Rewriting Japanese Film History: Shibuya Minoru in Retrospect

Curator's Note

Making Japanese films from the past accessible outside Japan is a big undertaking, involving negotiating rights and screening fees, preparing subtitles, and striking new prints. There's also the effort of packaging films and generating interest in them. Usually this is done through the promotion of an auteur. At the 2010 Tokyo FILMeX in November, a retrospective of films by Shibuya Minoru (1907-1980) brought to light a director almost unknown in the West. None of his films have ever been available on VHS or DVD outside Japan, and overseas screenings have been rare. Shibuya is mentioned several times, usually rather unfavorably, in Donald Richie and Joseph L. Anderson's The Japanese Film; he gets only a single mention in Richie's A Hundred Years of Japanese Film and none at all in Noel Burch's To the Distant Observer.

Though attendance at the FILMeX retrospective was (I believe) disappointing, Shibuya's films did attract interest from foreign visitors, including Ulrich Gregor (founder of the Berlinale Forum) and Li Cheuk-to (artistic director of the Hong Kong International Film Festival), who were members of the FILMeX Competition jury; and it's no doubt partly because of FILMeX's ties to those festivals that the Shibuya retrospective will shortly travel to the Berlinale (February) and the Hong Kong International Film Festival (March-April). I played my own part in promoting Shibuya as an auteur by writing an essay on Shibuya for the FILMeX catalog and a piece on one of his films, The Radish and the Carrot (Daikon to ninjin, 1964), soon to be published at Moving Image Source.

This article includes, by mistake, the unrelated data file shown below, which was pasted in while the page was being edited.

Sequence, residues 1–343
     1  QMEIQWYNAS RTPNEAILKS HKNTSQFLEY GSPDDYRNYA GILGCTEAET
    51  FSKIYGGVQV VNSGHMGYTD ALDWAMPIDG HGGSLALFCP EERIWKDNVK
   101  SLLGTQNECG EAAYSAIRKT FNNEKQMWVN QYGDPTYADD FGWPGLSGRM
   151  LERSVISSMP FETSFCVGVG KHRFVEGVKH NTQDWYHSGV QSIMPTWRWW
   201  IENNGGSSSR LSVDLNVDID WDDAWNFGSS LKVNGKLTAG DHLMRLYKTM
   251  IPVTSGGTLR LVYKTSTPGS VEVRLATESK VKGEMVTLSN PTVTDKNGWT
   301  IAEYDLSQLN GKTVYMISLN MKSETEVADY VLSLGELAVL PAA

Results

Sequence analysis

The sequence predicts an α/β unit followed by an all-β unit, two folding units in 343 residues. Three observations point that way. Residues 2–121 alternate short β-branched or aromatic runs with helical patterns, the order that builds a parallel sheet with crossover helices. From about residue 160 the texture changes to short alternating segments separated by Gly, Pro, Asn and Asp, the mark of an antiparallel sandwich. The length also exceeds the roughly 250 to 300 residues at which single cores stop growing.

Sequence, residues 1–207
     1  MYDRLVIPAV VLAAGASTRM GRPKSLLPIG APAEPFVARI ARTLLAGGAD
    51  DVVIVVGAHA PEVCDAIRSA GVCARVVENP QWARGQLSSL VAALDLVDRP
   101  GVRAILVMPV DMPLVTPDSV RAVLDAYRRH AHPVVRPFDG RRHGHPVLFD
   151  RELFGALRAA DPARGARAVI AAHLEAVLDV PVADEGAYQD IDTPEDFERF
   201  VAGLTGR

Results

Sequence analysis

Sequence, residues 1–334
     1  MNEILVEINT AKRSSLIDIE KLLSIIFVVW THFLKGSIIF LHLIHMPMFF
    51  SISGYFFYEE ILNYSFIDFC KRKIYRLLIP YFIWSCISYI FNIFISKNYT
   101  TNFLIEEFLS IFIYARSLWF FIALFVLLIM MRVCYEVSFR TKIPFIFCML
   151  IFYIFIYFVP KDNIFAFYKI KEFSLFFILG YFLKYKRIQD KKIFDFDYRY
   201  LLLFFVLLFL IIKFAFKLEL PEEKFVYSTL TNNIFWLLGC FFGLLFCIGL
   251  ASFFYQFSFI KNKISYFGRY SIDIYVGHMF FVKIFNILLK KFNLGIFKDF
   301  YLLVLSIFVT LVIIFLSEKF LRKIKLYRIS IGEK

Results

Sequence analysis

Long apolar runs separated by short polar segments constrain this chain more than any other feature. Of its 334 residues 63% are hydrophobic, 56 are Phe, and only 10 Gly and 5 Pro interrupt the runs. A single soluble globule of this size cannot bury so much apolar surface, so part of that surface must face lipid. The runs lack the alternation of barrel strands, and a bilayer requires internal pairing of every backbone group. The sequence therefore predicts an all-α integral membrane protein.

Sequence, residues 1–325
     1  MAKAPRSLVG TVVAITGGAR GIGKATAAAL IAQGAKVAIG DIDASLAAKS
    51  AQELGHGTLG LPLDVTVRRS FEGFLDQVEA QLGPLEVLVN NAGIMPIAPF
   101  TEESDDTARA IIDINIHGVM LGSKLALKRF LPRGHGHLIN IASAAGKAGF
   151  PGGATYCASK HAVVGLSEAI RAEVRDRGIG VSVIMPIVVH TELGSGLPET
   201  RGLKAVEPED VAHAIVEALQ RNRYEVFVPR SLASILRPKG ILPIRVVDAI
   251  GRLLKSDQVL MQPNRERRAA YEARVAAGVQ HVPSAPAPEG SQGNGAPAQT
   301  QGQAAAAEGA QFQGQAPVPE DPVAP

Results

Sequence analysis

The Radish and the Carrot is of special interest because it's linked to another, far more famous auteur, Ozu Yasujiro. The film was based on notes for an unfinished script that Ozu and Noda Kogo were working on shortly before Ozu's death in 1963, and it was marketed by Shochiku as the studio's "Ozu Yasujiro Memorial Film" (kinen eiga). The clip I selected suggests how different The Radish and the Carrot is from Ozu's films. The clip also represents the style and tone that characterize some of Shibuya's most distinctive films.


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